[4] See Joseph E. Stiglitz, Globalization and Its Discontents (New York: W. W. Norton & Company, 2002); William Easterly, The Elusive Quest for Growth: Economists' Adventures and Misadventures in the Tropics (Cambridge, MA: MIT Press, 2001).

[5] See Ravi Kanbur and Nora Lustig, “Why Is Inequality Back on the Agenda?” paper presented at the Annual Bank Conference on Development Economics, World Bank, Washington, D. C., April 28-30, 1999.  Kanbur and Lustig had oversight of the drafting of the World Bank’s World Development Report 2000/2001.

[6] Jessica Einhorn, "The World Bank's Mission Creep," Foreign Affairs 80, no. 5 (September/October 2001): 22-35, Stephen Fidler, "Who's Minding the Bank?" Foreign Policy 126, (September/October 2001): 40-50.

[7] See Inge Kaul, Isabelle Grunberg, and Marc A. Stern, eds., Global Public Goods: International Cooperation in the 21st Century (New York/Oxford: Oxford University Press, 1999), especially the essays on environment and health.

[8] See Ivan Vallier "The Roman Catholic Church: A Transnational Actor," in Joseph S. Nye and Robert O. Keohane, eds., Transnational Relations and World Politics: An Introduction (Cambridge, MA: Harvard University Press, 1973), and, for a more contemporary analysis, J. Bryan Hehir, "Overview," in Religion in World Affairs, findings of a conference organized by the DACOR Bacon House Foundation, Washington, D.C., October 6, 1995, 11-24, esp. 16-18.

[9] Kofi A. Annan, “Two Concepts of Sovereignty,” The Economist, September 18, 1999.

[10] See Administrative Board of the United States Catholic Conference, "A Jubilee Call for Debt Forgiveness" (April 1999), sec. I.  Available on the United States Catholic Bishops' Conference website, at http://www.nccbuscc.org (downloaded July 24, 2001).  This statement presents an overview of a common-good based approach to the indebtedness of developing countries. 

[11] John Paul , Homily in the José Marti Square, Havana, Cuba, Sunday, 25 January, 1998, no. 4. Downloaded from the website of the Holy See, http://www.vatican.va.

[12] Pope John Paul II, Centesimus Annus, no. 33.

[13] John Paul II, “From the Justice of Each Comes the Peace of All,”  World Day of Peace Message, January 1, 1998, no. 3.

[14] National Conference of Catholic Bishops, Economic Justice for All, no. 77, emphasis in the original.  In David O’Brien and Thomas Shannon, Catholic Social Thought: The Documentary Heritage (Maryknoll, NY: Orbis Books, 1992), 576-77.

[15] Joseph S. Nye, Jr., "Globalization's Democratic Deficit: How to Make International Institutions More Accountable," Foreign Affairs 80, no. 4 (July/August, 2001), 2-6.

[16] Robert O. Keohane, "International Institutions: Can Interdependence Work?" Foreign Policy 110 (Spring, 1998), 92. Keohane and Joseph Nye develop the "club" characterization somewhat more fully in their "Introduction" to Governance in a Globalizing World, esp. 26-36.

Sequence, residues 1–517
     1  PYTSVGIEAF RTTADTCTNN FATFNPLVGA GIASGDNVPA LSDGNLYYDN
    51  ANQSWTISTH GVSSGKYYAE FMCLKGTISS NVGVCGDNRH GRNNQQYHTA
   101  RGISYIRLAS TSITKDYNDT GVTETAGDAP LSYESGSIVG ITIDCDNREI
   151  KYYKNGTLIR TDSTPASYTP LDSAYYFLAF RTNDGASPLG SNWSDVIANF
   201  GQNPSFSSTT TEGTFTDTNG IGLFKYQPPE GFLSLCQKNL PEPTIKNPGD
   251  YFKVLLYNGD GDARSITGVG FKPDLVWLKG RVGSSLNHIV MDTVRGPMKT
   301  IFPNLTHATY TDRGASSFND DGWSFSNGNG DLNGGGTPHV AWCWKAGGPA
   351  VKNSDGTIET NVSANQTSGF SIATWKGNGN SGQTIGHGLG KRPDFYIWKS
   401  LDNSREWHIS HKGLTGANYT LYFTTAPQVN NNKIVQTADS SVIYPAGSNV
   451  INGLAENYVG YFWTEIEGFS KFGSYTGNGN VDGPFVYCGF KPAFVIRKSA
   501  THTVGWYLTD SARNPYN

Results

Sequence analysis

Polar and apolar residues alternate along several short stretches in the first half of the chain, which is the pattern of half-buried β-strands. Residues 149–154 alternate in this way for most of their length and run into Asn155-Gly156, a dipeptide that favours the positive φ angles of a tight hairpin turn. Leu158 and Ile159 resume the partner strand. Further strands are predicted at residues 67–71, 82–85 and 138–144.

[17] Margaret E. Keck and Kathryn Sikkink, Activists Beyond Borders: Advocacy Networks in International Politics (Ithaca, New York: Cornell University Press, 1998), 2-3, 16-25.  For a similar breakdown of the roles played by transnational NGOs see L. David Brown, Sanjeev Khagram, Mark H. Moore, and Peter Frumkin, "Globalization, NGOs, and Multisectoral Relations," in Governance in a Globalizing World, Nye and Donahue, eds., 271-296, at 283.

[18] Anne-Marie Slaughter, A New World Order (Princeton: Princeton University Press, 2004), 5.

[19] Slaughter, A New World Order, 19-22 and 10.  For a study of the emerging role of NGOs, see Margaret E. Keck and Kathryn Sikkink, Activists beyond Borders: Advocacy Networks in International Politics (Ithaca, NY: Cornell University Press, 1998).

[20] David Hollenbach, The Common Good and Christian Ethics (Cambridge, UK: Cambridge University Press, 2002), 229.

[21] Hedley Bull, The Anarchical Society (London: Macmillan, 1977), 254.

[22] See Held, et al., Global Transformations, 85, and Margaret E. Keck and Kathryn Sikkink, Activists Beyond Borders: Advocacy Networks in International Politics (Ithaca, New York: Cornell University Press, 1998), esp. 209-217.

[23] The term "multilayered governance" is from Held, et al, Global Transformations, 62-77.

For provocative discussions of these plural loyalties see Onora O'Neill, Bounds of Justice (Cambridge University Press, 2000), esp. chaps. 9 and 10; Amartya Sen, "Global Justice: Beyond International Equity," in Kaul, et al., Global Public Goods, 116-125.

 

Professor David Hollenbach SJ is the Margaret O’Brien Flatley Professor of Theology and Director of the Center for Human Rights and International Justice at Boston College.